Turning Toward the Sun


Have we not been turning towards it at
daybreak as if we depend on it
too, the way the sunflowers lift and tilt

their heads, slumped and closed down overnight,
to face it eyeball to eyeball, then
without flinching to track the noon's white

blaze, the afternoon's blanket upon
blanket of heat, and the swelling fanfare
of purples, the deafening orange din?

We are still elemental in our
hungers. We sit at desks. Pastel walls
close in like envelopes, seal and for-

ward us. While coffee stands glazed with small
prisms of oiled colors, incessant
phones wail down the measureless hall.

We are supervised every moment
and the day is clocked into slices
that fit the office log, tagged and ent-

ered. Later driving home through meshes
of traffic, sun glares us in the eyes.
The pavement swims on glassy washes

of heat. The windshield throbs. We accuse
the sun of headache, thirst, the piled-up
accident alongside the road, whose

sirens follow and scream. As we slip
down the home stretch, the street lined with oaks
and apartment parking lots, and stop,

in the rear-view mirror, the sun like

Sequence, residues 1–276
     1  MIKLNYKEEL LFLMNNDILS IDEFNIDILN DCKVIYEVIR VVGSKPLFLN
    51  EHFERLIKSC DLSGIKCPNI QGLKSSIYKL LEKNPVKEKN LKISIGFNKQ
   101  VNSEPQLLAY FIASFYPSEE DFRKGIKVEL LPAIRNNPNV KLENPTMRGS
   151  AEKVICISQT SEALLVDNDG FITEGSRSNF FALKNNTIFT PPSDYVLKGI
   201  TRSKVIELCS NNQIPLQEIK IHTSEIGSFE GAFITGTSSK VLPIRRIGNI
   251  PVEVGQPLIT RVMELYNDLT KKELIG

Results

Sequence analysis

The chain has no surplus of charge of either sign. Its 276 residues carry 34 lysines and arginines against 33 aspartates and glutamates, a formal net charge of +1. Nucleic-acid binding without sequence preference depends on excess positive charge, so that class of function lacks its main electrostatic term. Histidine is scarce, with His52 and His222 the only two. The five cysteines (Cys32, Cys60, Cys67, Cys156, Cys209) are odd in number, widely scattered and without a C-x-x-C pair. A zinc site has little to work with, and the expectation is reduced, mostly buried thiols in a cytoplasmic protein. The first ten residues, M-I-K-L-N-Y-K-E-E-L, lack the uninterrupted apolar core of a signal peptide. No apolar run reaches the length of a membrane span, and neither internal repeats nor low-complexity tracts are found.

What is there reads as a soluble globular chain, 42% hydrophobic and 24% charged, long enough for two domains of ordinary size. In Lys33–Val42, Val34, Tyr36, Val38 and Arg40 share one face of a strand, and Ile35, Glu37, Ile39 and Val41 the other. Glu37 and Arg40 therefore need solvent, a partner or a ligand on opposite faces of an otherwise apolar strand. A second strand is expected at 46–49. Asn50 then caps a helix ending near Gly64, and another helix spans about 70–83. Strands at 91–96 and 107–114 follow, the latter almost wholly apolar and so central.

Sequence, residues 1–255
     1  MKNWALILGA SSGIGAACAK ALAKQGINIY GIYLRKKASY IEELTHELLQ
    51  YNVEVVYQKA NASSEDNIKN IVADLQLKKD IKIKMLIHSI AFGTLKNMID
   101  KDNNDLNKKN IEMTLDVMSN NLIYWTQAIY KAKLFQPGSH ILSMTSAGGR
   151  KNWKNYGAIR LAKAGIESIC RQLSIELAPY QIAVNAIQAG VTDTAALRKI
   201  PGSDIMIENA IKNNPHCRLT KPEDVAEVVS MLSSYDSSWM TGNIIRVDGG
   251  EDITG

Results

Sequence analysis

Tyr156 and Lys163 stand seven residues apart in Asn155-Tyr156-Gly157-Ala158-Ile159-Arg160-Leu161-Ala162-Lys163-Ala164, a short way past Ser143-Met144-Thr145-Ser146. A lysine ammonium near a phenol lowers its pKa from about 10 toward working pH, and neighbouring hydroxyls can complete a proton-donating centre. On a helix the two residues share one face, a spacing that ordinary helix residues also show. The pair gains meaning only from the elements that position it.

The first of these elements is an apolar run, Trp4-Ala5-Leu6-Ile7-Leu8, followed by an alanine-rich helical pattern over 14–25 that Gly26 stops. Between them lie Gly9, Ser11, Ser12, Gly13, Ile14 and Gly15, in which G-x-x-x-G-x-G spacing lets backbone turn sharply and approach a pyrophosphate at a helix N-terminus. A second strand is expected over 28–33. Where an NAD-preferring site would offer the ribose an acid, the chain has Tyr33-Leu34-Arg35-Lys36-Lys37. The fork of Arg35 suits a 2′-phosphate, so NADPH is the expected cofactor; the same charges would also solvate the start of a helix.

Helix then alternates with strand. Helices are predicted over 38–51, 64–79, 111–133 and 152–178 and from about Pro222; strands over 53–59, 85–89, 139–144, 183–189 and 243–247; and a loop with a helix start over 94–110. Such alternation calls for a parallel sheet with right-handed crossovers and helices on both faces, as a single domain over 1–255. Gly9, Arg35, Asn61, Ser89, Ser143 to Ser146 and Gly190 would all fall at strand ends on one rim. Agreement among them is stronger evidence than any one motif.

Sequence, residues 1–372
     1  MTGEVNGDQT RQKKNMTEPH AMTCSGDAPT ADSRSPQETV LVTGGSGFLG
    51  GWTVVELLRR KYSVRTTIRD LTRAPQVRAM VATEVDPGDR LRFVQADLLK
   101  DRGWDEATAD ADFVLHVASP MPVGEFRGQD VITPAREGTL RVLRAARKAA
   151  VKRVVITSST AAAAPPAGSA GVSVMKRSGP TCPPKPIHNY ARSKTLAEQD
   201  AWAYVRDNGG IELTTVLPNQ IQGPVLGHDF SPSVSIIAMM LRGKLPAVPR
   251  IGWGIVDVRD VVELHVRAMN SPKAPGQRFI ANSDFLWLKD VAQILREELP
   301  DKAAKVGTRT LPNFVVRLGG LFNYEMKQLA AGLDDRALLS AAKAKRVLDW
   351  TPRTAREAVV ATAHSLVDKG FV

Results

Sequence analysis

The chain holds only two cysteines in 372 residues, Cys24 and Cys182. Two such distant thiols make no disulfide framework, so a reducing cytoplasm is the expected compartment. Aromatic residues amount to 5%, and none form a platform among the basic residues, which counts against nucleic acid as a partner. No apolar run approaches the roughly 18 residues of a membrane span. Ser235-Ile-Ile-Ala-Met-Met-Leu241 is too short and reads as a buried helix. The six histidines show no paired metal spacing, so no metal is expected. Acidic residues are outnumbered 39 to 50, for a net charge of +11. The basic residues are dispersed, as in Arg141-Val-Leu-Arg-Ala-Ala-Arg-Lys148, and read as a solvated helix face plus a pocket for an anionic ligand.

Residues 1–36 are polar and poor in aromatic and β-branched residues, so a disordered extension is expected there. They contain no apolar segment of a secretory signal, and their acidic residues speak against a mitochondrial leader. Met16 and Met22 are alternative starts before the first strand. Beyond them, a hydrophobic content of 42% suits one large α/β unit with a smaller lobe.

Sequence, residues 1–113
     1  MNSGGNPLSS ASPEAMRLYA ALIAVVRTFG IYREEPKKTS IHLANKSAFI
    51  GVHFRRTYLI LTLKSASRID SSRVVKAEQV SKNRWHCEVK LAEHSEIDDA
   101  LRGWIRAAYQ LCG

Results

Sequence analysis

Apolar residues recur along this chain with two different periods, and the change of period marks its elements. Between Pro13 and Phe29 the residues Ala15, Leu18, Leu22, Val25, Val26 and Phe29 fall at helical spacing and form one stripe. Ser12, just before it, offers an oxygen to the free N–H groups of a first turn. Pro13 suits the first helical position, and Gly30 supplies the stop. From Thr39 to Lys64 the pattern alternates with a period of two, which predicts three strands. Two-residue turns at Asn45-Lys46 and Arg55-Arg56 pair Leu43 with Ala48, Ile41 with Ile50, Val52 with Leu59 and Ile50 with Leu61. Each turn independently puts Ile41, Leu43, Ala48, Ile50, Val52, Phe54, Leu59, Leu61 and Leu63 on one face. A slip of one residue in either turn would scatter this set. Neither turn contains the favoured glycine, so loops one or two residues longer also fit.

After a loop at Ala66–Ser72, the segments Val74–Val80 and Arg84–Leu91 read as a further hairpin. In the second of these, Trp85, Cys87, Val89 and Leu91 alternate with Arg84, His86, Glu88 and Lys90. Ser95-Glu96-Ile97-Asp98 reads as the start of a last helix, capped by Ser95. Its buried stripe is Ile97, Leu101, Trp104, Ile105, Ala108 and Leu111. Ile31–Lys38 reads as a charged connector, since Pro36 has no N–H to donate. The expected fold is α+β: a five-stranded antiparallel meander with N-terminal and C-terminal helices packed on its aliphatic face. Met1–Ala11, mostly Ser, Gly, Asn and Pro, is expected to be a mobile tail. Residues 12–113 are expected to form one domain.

a jovial wink looms at us yet:
reminder of tennis and picnic

and beach, and the hand pushed mower that
the twelve year-old blistered his palms on.
His shirtless back in its pride of sweat,

hungry to drink deep to the bleached bone,
bent to the sun, glad in its touch. But
its eye in the dark mirror's tilt burns

still, while earth in the tug of its orbit
yearns to spin towards it and be swallowed,
at the same time massively it
is hurtled away. We are specks.


The sun rides along winter cloudbanks,
white like a soccer ball in shallow
still water, floating. Straight on, I track

it, it does not hurt my eyes. My slow
route meanders towards it while it floats
over hills whose stripped oaks reach like claws.

I am running inside tireless sweat
turning towards it. December mist sets
onto my glasses. Every few streets

I wipe them on the fleece of my shirt.
Air too is fleecy and cool. My face
drinks. An entire hour bends me towards it,

towards where it rides, while, like a virus
that comes first with a flaring fever
then disappears for a sudden space,

birds have sunk ino remission. Here
in their silence my running awaits
their re-eruption: sparrow chatter,

doves. The white solar disc now pulsates
so hard that my eyes no longer bear
to look. Veering off, I separate,

and through prisms of droplets, I stare
forward. Each of us goes our own way.
Birds break into a squalling choir
like claws across my ears and it's day.


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